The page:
The Philadelphia Nurse Who Keeps Fighting for His Patients—Even After the Government Moved On

tarik coronavirus jpg

Tarik Khan

By Keya Vakil

November 2, 2020

Tarik Khan is a 42-year-old nurse in Philadelphia, Pennsylvania. He has worked with COVID-19 patients and volunteered at testing sites and worked to help educate Pennsylvanians about the dangers of the virus.

Ahead of Election Day, COURIER spoke to five Americans who’ve been impacted by COVID-19 in one way or another. Read more of their stories here.

Tarik Khan feels alone. 

The 42-year-old Philadelphia nurse has been doing everything he can to help out during the coronavirus pandemic, describing it as an “all hands on deck situation.”

Khan works at a federally qualified health center where he helps treat underserved patients—most of whom are low-income, people of color—in the Nicetown section of Philadelphia. He estimates that a few dozen of his patients had been diagnosed with COVID-19, including some who were still experiencing symptoms months later. Like in other cities, the virus has hit Philadelphia’s Black communities much harder than white residents, exacerbating already existing inequities as it relates to health, access to insurance, and income. 

“I had one patient who had seven family members die of COVID-19,” Khan told COURIER. “Not that got COVID-19, that died of COVID-19.” 

Outside of his “day job,” Khan has volunteered at several testing sites, including running tests on staff and residents in nursing homes, which have been devastated by the pandemic. He’s also gone on local television and participated on panels to help educate the public on best practices to protect themselves and their families.

Despite doing his part, Khan feels that he and other medical workers have been failed by the federal government, due to the lack of a coordinated response to the coronavirus pandemic. Instead, the Trump administration has repeatedly downplayed the virus, compared it to the flu, politicized masks and social distancing, spread misinformation, sidelined scientists, and failed to provide adequate testing and personal protective equipment (PPE).

Khan said he was fortunate, because his employer prioritized safety and provided ample PPE. But others weren’t so lucky.

“The federal government should have made sure that there was an ample supply, that we followed the playbook, that we listened to the scientists, and that we prepared accordingly and that didn’t happen,” Khan said. “It’s still not happening.”

This failure has left Khan and his colleagues in the medical profession feeling vulnerable and abandoned. 

“As a healthcare provider, you’re a servant. You’re there to serve people and our country,”  Khan said. “We don’t work for the government, but to know that the agencies that should be protecting you … because you’re supporting the country—to feel that we don’t have that support, it’s a very lonely feeling and it is also a very scary feeling.”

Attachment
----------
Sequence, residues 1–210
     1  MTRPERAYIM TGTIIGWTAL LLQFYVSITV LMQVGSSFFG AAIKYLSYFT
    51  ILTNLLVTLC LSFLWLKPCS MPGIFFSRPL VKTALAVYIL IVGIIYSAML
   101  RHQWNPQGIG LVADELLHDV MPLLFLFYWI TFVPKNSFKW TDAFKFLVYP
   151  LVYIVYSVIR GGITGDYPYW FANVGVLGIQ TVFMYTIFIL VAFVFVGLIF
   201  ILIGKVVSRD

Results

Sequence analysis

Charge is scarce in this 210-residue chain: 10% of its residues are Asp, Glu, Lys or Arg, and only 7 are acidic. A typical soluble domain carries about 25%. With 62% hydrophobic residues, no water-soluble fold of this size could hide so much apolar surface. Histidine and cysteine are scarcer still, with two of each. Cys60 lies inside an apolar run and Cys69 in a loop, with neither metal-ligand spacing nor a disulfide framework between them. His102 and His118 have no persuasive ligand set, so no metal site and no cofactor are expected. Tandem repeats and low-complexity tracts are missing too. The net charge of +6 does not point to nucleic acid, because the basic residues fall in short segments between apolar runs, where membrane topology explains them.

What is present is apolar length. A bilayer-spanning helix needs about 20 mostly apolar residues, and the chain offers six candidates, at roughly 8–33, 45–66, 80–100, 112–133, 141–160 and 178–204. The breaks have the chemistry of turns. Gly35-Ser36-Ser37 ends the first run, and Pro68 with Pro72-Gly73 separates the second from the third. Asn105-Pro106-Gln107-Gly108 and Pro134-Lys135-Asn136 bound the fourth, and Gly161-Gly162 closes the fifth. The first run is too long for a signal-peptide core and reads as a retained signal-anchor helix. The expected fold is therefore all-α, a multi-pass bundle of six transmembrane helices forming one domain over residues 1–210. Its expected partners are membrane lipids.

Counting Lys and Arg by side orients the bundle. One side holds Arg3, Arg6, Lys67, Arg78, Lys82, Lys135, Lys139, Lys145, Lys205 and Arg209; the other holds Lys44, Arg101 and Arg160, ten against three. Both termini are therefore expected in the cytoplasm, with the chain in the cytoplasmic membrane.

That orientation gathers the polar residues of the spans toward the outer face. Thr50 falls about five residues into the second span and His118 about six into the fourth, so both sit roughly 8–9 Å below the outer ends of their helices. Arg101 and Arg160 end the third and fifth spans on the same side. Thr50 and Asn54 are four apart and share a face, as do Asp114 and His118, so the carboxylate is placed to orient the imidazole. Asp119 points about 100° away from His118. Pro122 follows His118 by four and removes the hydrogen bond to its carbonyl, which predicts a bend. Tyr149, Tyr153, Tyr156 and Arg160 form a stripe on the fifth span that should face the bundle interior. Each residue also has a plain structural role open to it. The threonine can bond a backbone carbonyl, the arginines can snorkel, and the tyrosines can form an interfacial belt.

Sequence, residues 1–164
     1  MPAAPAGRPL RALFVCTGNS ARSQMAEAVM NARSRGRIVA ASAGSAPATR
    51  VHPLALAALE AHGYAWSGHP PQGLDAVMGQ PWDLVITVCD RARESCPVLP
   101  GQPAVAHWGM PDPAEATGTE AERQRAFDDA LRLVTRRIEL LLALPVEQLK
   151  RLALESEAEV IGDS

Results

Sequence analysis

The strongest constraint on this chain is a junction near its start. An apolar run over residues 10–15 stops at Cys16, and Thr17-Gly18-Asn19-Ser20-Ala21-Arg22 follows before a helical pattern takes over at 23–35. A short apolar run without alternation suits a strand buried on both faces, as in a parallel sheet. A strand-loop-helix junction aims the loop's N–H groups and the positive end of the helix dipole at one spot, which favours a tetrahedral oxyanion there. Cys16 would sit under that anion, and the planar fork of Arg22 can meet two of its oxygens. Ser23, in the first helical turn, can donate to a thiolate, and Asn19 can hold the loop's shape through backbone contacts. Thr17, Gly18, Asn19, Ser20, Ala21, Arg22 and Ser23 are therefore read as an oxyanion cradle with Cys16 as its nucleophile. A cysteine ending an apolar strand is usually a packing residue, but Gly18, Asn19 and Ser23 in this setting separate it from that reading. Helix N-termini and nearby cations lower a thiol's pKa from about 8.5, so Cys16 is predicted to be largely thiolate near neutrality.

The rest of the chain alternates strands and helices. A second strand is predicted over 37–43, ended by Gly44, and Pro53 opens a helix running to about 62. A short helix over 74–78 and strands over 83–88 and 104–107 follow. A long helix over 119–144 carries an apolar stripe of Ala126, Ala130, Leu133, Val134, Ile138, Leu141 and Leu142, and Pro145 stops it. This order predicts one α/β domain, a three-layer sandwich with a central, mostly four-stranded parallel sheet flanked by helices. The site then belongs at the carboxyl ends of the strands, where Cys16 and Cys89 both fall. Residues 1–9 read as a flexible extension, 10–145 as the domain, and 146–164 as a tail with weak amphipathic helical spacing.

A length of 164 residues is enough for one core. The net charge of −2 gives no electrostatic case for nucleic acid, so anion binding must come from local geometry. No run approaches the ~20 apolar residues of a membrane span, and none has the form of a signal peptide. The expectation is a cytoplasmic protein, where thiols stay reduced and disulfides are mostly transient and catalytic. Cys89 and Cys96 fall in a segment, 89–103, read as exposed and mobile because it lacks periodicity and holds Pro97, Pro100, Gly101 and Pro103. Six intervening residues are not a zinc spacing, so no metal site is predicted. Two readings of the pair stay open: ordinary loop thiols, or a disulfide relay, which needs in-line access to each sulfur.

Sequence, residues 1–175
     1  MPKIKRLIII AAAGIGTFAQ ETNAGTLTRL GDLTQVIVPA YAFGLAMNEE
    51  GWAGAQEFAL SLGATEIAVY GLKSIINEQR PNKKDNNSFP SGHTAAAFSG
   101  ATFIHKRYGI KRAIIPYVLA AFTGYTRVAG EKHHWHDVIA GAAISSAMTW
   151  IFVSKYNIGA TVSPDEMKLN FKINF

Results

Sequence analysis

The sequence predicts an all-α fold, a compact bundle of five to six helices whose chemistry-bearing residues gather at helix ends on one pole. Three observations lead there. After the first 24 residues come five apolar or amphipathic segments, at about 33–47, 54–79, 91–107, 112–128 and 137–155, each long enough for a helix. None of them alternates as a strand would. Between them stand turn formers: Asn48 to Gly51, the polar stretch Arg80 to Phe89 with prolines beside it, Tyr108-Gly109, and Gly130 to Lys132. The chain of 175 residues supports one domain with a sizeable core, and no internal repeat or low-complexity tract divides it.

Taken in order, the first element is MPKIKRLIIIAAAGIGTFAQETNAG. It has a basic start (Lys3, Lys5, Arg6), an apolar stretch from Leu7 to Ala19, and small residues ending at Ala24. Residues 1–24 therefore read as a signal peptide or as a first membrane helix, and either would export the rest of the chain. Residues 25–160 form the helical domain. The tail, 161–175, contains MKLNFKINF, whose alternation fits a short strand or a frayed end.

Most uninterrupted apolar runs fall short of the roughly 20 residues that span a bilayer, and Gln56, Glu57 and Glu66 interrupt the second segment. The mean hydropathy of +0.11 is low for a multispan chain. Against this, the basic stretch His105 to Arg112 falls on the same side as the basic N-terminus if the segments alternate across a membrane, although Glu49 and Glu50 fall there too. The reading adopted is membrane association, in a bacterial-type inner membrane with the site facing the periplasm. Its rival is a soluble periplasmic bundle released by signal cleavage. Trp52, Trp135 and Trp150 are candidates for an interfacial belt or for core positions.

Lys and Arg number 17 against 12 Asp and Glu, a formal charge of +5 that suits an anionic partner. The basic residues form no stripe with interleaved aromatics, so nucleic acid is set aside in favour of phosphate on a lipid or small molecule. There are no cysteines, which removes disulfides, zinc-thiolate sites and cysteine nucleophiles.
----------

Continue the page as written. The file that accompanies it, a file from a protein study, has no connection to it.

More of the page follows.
The lack of PPE has left nurses worried about contracting the virus and potentially passing it along to their families, according to Khan. 

“They deserve better than a government that has treated this like it’s no big deal, that it’s going to go away, that it’s not that serious, that it’s more of a political thing than an actual thing.”

“They deserve better than a government that has treated this like it’s no big deal, that it’s going to go away, that it’s not that serious, that it’s more of a political thing than an actual thing,” Khan said. “We can beat this. It should be our patriotic duty to beat this virus, and it should be the duty of our government to ensure that we have as nurses what we need to protect our patients and that we have the best information coming out of our federal institutions.”

Khan had hoped that he could rely on the CDC for “unimpeachable information,” but instead, the CDC’s confusing, unclear guidelines left him scratching his head. 

As cases surge across the country, setting daily records, Khan said he has no idea what the government’s plan is, or if there even is one. He is worried that in the coming weeks and months, things will get worse than they’ve been in the US. “We’ve already seen morgues that are piling up [with bodies]. We have hospitals in some areas that have no ICU beds.” 

He’s also concerned that the failure to prepare for such a surge will once again disproportionately devastate communities of color and the most marginalized members of society, such as those in nursing homes. 

“It shouldn’t be the case that our most vulnerable don’t have protection,” he said. “They don’t have that support from the government that they deserve … We knew that these individuals would be most at risk and to know that there is no cavalry that’s there to make sure that they get the care that they need—it’s very sad.”

But as Khan made clear, no one is safe from this virus. 

“Only 10% of this country has actually been exposed to this thing, so to think that this can’t get worse is very provincial thinking,” Khan said. “If we don’t get a vaccine and if these hot spots keep popping up, this could get really bad and we could have a lot more people die of this, and it doesn’t need to happen.”

Khan still believes that the US can turn things around, but said it would require the government to change its tune and reverse course from the response thus far, which he described as “a failure of the most epic proportions.”

“Our federal government has a responsibility to protect Americans. That is the goal, whether it’s terrorism, whether it’s gun violence, whether it’s a pandemic,” Khan said. “That is the responsibility of the government.”

READ MORE: Your Coronavirus Stories: Here’s How We’re Dealing—or Aren’t


  • Keya Vakil

    Keya Vakil is the deputy political editor at COURIER. He previously worked as a researcher in the film industry and dabbled in the political world.

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